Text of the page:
Monthly Archives: September 2005

Back to the future in a world that’s flat

The other day, my wife confessed to someone on a train that she admired George Bush and Donald Rumsfeld. He replied she was in a distinct minority in Canada.

Factually, it is undeniable. But as a riposte it implies that in this land of independent thinking everyone wants to be original but no one wants to be weird.

Thus Paul Martin lets it be known he’s been reading Thomas Friedman. It’s meant to make him look deep, but if he were any shallower he’d bulge. Margaret Wente responded, “who hasn’t? Mr. Friedman’s bestselling book, The World is Flat, is on the bedside table of every respectable CEO and politician.” Well, I haven’t. I say, find out which way the herd of independent minds is currently stampeding and go someplace else, to read and think where the buzzwords don’t buzz. Whereas Mr. Friedman believes we’re moving into a fast-paced trans-competitive knowledge-based globalized economy where China is a giant and … zzzzzzz. Continue reading

It’s time to put politicians’ schedules on a diet

Guess who’s coming to dinner? It looks like Joe Volpe, Joe Volpe and Joe Volpe. He’ll be having the trouble. But is that us in the kitchen?

Critics are feasting on our immigration minister charging taxpayers for two and even three dinners a day. Especially after the appetizer of Foreign Affairs Minister Pierre Pettigrew taking his chauffeur with him on a trip even when he doesn’t take his car.

The latter strikes me as majestic … as in Louis XVI. On Mr. Volpe I have quite different concerns. Continue reading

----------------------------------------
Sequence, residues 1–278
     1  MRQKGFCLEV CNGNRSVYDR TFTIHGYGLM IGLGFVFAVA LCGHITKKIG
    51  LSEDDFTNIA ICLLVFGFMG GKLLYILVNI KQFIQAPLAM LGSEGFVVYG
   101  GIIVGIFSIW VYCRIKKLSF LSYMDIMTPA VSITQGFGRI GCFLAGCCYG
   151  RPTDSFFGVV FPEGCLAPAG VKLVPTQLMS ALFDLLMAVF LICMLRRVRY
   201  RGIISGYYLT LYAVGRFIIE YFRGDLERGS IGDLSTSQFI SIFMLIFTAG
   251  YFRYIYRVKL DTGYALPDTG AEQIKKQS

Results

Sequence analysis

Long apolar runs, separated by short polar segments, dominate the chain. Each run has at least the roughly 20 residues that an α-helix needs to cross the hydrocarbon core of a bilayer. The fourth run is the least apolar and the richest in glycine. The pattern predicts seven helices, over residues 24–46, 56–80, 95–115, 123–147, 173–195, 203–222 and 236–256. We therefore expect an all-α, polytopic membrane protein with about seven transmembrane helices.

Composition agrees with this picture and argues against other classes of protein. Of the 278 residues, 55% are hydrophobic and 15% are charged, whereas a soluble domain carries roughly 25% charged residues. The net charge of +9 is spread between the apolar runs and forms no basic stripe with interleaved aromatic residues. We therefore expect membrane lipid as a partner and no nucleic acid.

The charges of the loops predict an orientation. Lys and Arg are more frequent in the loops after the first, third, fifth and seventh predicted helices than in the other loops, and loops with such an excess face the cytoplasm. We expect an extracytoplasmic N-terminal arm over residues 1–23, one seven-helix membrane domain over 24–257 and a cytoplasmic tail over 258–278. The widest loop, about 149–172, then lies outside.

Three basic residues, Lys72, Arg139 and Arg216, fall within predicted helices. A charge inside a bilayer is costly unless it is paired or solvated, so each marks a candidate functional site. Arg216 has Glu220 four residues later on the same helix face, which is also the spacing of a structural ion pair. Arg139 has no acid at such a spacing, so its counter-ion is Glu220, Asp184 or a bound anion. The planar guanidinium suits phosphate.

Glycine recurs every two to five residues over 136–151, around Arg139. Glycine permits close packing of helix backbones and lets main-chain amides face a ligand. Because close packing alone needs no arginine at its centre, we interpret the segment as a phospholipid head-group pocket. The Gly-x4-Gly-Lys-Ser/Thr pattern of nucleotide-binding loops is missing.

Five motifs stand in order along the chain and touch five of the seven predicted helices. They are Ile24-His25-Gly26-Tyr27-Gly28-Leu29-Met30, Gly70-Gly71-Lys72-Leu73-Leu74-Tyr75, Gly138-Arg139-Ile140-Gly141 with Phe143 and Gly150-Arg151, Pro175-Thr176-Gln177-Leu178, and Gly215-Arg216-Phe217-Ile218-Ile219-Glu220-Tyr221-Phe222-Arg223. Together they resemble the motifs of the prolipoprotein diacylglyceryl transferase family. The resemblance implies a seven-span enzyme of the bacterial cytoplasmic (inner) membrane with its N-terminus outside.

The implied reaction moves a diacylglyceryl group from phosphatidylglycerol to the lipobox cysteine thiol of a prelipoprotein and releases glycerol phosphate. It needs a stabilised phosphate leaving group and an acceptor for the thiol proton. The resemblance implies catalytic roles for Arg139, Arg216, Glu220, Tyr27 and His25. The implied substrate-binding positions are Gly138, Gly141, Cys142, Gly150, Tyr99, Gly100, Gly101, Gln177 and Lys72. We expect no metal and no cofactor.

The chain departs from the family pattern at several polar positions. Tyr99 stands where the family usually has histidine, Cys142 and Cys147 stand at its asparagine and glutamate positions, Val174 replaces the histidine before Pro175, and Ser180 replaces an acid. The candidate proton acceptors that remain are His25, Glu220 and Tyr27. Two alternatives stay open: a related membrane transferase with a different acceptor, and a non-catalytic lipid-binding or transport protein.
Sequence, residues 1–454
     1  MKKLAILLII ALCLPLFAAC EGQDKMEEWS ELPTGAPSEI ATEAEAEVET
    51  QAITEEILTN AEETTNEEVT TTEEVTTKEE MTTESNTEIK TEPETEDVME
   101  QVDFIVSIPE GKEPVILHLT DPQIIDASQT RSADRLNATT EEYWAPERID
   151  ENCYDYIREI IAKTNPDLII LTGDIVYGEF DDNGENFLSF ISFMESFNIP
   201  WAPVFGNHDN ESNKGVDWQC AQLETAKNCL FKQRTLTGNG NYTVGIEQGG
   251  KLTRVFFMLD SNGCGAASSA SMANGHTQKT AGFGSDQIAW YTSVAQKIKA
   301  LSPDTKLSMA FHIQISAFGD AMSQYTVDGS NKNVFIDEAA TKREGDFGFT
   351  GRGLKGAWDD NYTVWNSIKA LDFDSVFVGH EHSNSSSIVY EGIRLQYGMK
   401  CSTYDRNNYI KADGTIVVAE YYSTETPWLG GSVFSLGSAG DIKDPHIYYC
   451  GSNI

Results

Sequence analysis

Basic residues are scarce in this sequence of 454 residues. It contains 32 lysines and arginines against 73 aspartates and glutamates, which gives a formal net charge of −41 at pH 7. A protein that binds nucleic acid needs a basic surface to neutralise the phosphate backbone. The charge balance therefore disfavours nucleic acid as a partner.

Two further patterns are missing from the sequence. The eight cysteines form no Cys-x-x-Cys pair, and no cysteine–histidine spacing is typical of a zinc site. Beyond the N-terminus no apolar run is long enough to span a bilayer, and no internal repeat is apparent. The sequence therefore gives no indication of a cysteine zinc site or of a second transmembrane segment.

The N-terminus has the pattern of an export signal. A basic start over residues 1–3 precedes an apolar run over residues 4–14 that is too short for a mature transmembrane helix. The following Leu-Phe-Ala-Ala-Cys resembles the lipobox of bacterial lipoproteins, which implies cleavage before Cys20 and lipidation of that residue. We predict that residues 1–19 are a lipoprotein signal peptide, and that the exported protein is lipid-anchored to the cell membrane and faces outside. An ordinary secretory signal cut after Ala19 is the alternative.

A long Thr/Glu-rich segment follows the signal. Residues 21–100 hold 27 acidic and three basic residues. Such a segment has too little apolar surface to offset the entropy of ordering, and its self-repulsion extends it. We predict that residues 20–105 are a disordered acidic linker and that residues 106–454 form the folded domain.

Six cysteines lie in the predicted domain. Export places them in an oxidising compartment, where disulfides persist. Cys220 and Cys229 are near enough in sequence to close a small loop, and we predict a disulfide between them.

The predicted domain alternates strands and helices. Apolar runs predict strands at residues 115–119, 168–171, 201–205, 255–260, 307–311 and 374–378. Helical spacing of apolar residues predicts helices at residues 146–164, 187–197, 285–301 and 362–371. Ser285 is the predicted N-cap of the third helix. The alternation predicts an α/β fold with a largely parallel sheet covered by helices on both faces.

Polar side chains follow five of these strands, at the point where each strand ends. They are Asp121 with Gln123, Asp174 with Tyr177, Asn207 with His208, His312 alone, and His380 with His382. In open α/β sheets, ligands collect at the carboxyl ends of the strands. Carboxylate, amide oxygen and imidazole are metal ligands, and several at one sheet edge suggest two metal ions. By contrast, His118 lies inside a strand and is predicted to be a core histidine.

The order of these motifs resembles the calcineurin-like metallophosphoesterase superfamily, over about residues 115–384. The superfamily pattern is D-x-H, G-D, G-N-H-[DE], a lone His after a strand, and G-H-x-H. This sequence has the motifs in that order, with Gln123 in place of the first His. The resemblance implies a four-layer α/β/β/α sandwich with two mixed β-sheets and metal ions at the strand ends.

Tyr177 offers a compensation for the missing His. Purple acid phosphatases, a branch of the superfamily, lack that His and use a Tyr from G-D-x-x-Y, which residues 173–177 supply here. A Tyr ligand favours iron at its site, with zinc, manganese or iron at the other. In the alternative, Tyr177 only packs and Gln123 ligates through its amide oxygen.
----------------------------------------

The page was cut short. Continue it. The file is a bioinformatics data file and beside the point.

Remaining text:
It’s not Mulroney who’s been slimed by Newman

Two men fall into the mud. One comes out. I think it’s Brian Mulroney. His tone is unpleasant, but not surprising. But who expected Peter C. Newman to publish such a lurid, uninformative, sin-of-detraction “Gotcha!” book?

As too often with Mr. Mulroney, we find ourselves agreeing with much of what he said while shaking our heads at the way he said it. Joe Clark’s vanity is not a well-kept secret; nor is Kim Campbell’s self-pitying political ineptitude. As for calling Pierre Trudeau a “coward,” he was physically brave and, on separatism, had the courage of his convictions. But his chic indifference to the evils of Nazism, then Communism, I do consider moral cowardice.

Mr. Mulroney’s depiction of many of his political contemporaries as egotists invites the response “tu quoque.” But it is not thereby rendered less accurate. Nor is he the first skilful politician to see others more clearly than himself. He just had a particularly repellent way of doing it. Continue reading

Water, water everywhere, and many lessons, too

As the floodwaters recede, the first priority is taking care of the displaced; the second is recovering, identifying and burying the dead. Then comes rebuilding New Orleans and, one hopes, retrieving from the slime and debris some common sense about the lessons of this catastrophe.

For some people, the matter is already settled: President George W. Bush is a moron. This instant analysis has two virtues: It is immediately available and doesn’t require thought. On the downside, it can’t withstand thought. Decades of highly public, expert warnings that New Orleans was not ready for an inevitable major hurricane were ignored by authorities at all levels, many of whom weren’t even slightly George Bush.

So first, a little perspective. What’s with complaints that five entire days after a major American city was submerged beneath the ocean not everything was totally fixed? To some extent, it simply reflects the running headline “Bush reels as [<insert today’s news>].” But it also reflects a peculiarly tenacious modern spirit that expects man’s will to dominate reality (including nature) and leads to over- reliance on the politics of outrage. Continue reading